No, the absolute Annapolis necessity was not Polanco in his entirety, but specifically the quarterback's ability to come up with a handful of big-hitting pass plays in key situations. After last fall's breakthrough campaign, everyone in America--and especially 11 opponents, their head coaches, defensive coordinators and defensive units--knows that Navy can run like crazy. But for that running game to continue to thrive, and for Navy to be able to withstand any adverse situation, Polanco--charged with the responsibility of throwing the pigskin in addition to leading the team and managing the triple option as a decision-maker--had to be able to make a handful of big pass plays in the games when the Mids were under fire and in trouble.
Well, it didn't take long for Polanco to be tested. And to the delight of Coach Johnson and everyone else in Annapolis, Aaron didn't err with the air attack when it really counted, and that made all the difference in Navy's season-opening 27-12 win over Duke on Saturday evening.
Two Kyle Eckel fumbles--a startling display of weakness from the offensive player considered to be Navy's rock of dependability--kept the Brigade from doing push-ups throughout the first 29 minutes and 3 seconds of the first half. And in a game that would take a startlingly fast 2 hours and 44 minutes to play, the clock was working against Navy in more ways than one. Down 6-0, the Midshipmen had to score; otherwise, Duke had the potential to open up a multi-possession lead in the second half and force Navy to play the desperate kind of catch-up game it is manifestly unsuited to play. Given the game's rapid pace, the Mids could only count on so many possessions in the second half. They needed a thunderbolt, the kind of quick-strike dagger that the vertical passing game provides.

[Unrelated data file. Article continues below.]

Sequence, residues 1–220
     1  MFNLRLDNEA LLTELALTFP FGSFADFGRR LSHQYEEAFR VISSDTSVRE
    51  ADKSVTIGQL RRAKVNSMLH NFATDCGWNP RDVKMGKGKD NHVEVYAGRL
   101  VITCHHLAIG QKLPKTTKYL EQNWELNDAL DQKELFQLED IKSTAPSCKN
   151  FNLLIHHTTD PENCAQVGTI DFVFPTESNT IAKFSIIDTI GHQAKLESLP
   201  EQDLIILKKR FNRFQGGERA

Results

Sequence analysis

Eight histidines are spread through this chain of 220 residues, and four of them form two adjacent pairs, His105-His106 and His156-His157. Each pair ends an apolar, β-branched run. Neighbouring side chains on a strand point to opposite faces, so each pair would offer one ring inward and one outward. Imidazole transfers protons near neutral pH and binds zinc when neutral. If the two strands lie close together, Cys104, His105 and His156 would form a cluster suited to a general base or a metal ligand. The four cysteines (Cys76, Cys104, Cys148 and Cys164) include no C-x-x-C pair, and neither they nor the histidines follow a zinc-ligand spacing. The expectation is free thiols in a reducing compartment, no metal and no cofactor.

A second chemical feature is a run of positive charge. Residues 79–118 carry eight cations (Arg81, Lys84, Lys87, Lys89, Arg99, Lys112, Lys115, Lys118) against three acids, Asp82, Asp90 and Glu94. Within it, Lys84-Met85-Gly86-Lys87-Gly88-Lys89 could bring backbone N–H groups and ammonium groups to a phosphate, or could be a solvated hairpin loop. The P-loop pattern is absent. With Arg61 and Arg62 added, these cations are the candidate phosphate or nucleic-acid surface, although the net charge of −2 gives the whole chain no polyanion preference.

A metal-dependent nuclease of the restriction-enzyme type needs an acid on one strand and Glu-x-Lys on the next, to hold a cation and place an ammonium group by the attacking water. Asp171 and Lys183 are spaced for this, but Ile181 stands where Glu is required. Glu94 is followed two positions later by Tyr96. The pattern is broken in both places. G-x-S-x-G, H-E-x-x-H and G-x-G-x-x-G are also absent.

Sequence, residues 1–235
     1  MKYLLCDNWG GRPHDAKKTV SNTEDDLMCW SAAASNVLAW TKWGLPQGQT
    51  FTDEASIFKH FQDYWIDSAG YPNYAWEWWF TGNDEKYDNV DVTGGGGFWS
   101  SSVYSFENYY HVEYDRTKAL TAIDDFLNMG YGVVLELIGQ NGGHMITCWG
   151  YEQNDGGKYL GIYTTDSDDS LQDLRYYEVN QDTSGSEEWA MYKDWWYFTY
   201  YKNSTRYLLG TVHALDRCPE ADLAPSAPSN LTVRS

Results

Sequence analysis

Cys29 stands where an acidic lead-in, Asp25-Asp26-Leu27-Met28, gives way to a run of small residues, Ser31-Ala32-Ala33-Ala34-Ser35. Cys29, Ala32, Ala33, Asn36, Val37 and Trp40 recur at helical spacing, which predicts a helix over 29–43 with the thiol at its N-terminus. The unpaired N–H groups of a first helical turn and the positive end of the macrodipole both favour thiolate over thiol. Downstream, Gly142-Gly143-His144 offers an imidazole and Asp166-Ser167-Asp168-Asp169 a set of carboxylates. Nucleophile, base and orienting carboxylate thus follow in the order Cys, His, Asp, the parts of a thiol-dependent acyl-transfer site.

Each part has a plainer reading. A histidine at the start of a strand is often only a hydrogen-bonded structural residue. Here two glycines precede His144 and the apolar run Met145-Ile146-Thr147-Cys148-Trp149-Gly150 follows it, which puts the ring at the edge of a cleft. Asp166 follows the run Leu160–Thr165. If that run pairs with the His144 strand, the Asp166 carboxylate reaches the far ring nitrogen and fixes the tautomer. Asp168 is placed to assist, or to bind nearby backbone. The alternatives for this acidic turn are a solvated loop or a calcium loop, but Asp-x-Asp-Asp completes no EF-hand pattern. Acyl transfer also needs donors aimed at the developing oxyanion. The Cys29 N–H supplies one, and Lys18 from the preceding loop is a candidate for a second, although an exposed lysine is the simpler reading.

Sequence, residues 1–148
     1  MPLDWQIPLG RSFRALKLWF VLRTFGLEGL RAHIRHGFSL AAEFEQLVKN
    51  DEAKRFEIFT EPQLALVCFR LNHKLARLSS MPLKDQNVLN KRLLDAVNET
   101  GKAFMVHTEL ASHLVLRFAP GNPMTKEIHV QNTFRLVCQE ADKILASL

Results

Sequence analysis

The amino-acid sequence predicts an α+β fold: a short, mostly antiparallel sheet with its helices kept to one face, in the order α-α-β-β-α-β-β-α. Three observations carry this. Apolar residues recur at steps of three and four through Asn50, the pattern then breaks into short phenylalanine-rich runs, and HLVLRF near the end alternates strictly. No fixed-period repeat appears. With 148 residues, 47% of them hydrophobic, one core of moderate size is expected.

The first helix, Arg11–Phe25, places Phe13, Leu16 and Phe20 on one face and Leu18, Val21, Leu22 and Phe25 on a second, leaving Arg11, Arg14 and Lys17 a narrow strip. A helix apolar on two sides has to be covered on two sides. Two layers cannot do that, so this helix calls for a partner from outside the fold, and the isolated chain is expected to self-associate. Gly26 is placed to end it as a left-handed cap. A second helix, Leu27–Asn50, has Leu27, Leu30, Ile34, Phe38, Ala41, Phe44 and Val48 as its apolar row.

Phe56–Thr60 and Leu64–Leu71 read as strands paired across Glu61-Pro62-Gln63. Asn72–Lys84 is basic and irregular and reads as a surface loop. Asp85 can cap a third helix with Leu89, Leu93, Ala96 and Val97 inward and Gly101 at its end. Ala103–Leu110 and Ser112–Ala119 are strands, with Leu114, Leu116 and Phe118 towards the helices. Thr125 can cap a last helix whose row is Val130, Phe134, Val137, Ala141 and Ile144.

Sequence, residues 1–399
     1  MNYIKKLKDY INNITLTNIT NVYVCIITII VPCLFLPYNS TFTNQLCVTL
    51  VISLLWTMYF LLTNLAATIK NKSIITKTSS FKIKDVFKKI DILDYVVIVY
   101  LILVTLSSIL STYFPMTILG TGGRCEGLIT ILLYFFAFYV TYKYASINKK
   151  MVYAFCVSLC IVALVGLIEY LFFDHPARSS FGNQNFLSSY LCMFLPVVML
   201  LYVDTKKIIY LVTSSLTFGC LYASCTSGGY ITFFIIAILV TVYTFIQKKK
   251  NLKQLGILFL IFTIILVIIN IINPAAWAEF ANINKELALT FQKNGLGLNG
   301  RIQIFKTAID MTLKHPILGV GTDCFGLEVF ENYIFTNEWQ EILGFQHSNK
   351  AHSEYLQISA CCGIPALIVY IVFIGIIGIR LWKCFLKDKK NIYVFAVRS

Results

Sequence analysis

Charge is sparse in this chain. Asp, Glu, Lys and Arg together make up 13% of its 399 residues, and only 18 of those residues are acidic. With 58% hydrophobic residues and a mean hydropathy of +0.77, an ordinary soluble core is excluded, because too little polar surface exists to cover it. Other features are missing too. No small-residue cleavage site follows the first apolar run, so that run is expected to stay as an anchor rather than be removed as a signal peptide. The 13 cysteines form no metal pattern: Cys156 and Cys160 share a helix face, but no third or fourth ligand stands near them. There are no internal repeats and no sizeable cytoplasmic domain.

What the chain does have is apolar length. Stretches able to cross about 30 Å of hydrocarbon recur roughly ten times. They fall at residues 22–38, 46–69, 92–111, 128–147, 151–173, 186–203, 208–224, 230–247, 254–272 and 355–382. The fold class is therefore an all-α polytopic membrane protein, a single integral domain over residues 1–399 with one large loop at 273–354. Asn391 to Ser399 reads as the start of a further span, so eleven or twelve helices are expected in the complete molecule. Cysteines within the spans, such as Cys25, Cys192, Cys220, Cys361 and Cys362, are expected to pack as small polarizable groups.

This was the precise situation in which Aaron Polanco's mettle would have to be challenged, refined by the hellacious fire of big-time college football.
Safe to say, the icy cool Polanco turned the fires of pressure into a frozen moment that will be remembered for a long, long time if this season, already laden with electricity and promise, becomes something particularly special.
The slinging sailor, with just 57 seconds left in the first half, fired a 58-yard touchdown pass to Jason Tomlinson. And although the PAT failed, the Midshipmen had their momentum boost, had the confidence of knowing their leader could deliver the goods as a passer, and had the double relief of knowing that their deficit was gone and that the ice had been broken on the scoreboard.
So often, it's that first touchdown that's the hardest to get. The air craft carrier can't leave the harbor until the engines begin to slowly get going. Full performance can't occur until the nerves and rust are shaken with a display of quality. Polanco not only provided that key breakthrough for Navy's offense on Saturday; he did so in the very way he's not accustomed to: with the forward pass. The fact that Polanco could power Navy's offense with his right arm--and not his right foot, making that quick first step down the line on the triple option--opens up the doors for the potential of a huge season. As long as Polanco can keep this frozen moment in mind, feeding off the confidence that his thunderbolt to Tomlinson should offer, Navy's offense will have both a superior leader and superior balance.
And then, just imagine how tough it will be to stop Navy's offense and Aaron Polanco, the quarterback who's not just a devastating runner and decision-maker. That frozen moment late in the first half shows that the signal caller for the Midshipmen can quite literally pass muster in addition to running wild. If Kyle Eckel can avoid putting the ball on the turf, and stick to what he does best--making three-yard touchdown plunges such as the ones he put together in the second half to seal Navy's win--this team will deliver on its promise and potential.
Aaron Polanco was thrown into the fire, and he most certainly passed his first test... all 58 yards of it. The mood in Annapolis can't be much better after a season-opener that witnessed a substantial breakthrough, and the emergence of a quarterback who grew up a lot in a short time.